The controversial Kiwi kids' book temporarily banned because of graphic descriptions of sex and drug-taking is being lined up for a multi-million dollar movie.
The film rights have been sold for Ted Dawe's award-winning novel Into the River, which scooped the annual New Zealand Post Children's Book Award in 2013 and quickly became the centre of a censorship storm.
Detailed scenes of sex, coarse language and drug-taking sparked outrage in various quarters, and some parents were shocked over the kind of content being targeted at teens. At least one well-regarded book store refused to stock it.
In 2015 the award-winning work was slapped with an interim ban by New Zealand's censorship review board. The ban was lifted and the president of the Film and Literature Board of Review, Don Mathieson, QC, stepped down.
Dawe told the Herald on Sunday the first option on movie rights for Into the River were recently bought and he is excited to see his work moving towards the big screen.
Award-winning New Zealand filmmaker Paul Judge has snapped up first option on the rights, fending off a Hollywood director for the deal.
Judge, audience favourite award winner at the Melbourne Film Festival, will this year try to find a producer and the money to back the project, including applying to the New Zealand Film Commission.
Judge says he wants to build a budget in line with modern Kiwi films of between $6m-$10 million.
Dawe is eager to see the movie fly and is confident in Judge's understanding of a story exploring young New Zealanders.
"I'm crossing my fingers and this guy has got a very good understanding of the book.
"He's not just a person trying to make money, he wrote a critique of the novel that I was really impressed with," Dawe said.
"The procedure is he writes a script and then takes it to various people - the New Zealand Film Commission and people like that - and try and get support, get some legs under the thing."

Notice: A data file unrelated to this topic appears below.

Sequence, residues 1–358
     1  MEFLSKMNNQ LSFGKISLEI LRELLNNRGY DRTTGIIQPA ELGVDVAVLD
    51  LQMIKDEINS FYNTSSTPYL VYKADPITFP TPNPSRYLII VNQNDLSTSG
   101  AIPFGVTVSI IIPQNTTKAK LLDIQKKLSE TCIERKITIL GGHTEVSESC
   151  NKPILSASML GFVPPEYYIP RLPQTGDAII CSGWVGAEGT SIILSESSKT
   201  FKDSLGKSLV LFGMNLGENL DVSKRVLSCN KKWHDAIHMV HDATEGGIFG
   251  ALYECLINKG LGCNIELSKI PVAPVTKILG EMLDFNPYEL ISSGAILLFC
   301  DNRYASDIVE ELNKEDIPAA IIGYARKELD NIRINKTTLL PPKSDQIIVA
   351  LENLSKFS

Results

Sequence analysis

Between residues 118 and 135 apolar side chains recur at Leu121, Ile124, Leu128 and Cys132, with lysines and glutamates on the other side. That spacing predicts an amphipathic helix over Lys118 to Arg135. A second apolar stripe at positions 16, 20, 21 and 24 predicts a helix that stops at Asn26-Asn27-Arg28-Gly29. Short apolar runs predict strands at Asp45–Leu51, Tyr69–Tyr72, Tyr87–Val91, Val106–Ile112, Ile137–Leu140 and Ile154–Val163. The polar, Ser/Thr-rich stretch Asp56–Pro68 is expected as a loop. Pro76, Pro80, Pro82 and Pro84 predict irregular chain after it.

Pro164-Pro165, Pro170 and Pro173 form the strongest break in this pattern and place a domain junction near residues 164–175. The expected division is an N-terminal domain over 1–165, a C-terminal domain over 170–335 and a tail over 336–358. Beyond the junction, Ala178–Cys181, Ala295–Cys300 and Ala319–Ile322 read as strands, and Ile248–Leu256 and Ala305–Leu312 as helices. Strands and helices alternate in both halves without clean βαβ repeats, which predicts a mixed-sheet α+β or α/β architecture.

Dawe says Into the River brought him new profile as an author and work is under way on his latest project, a "sprawling saga" he hopes will be written by the end of the year.
"I've become more public than I used to be and occasionally people get in contact to let me know their views," he said. "I'm working on a novel now, it's very much in the beginning stage.
"It's got a female central character. I've been criticised in the past for having an obsession with male characters, so I'm trying to address this."
Dawe says the new book, tentatively titled Fleur, will again be aimed at a young readers and contain topical issues.
"This book is mostly about mothers and sons. She's going to have a boy and he's going to be problematic. It's also about abusive relationships, marital relationships," he said. "It's got to be meaty, you see enough of it in newspapers so I think I'll have a look at a species of abusive relationships, how it unfolds and how people respond to it.
"Her earliest memories will be in the late 50s and I'm not sure how long she is going to live for, it depends on how she behaves herself."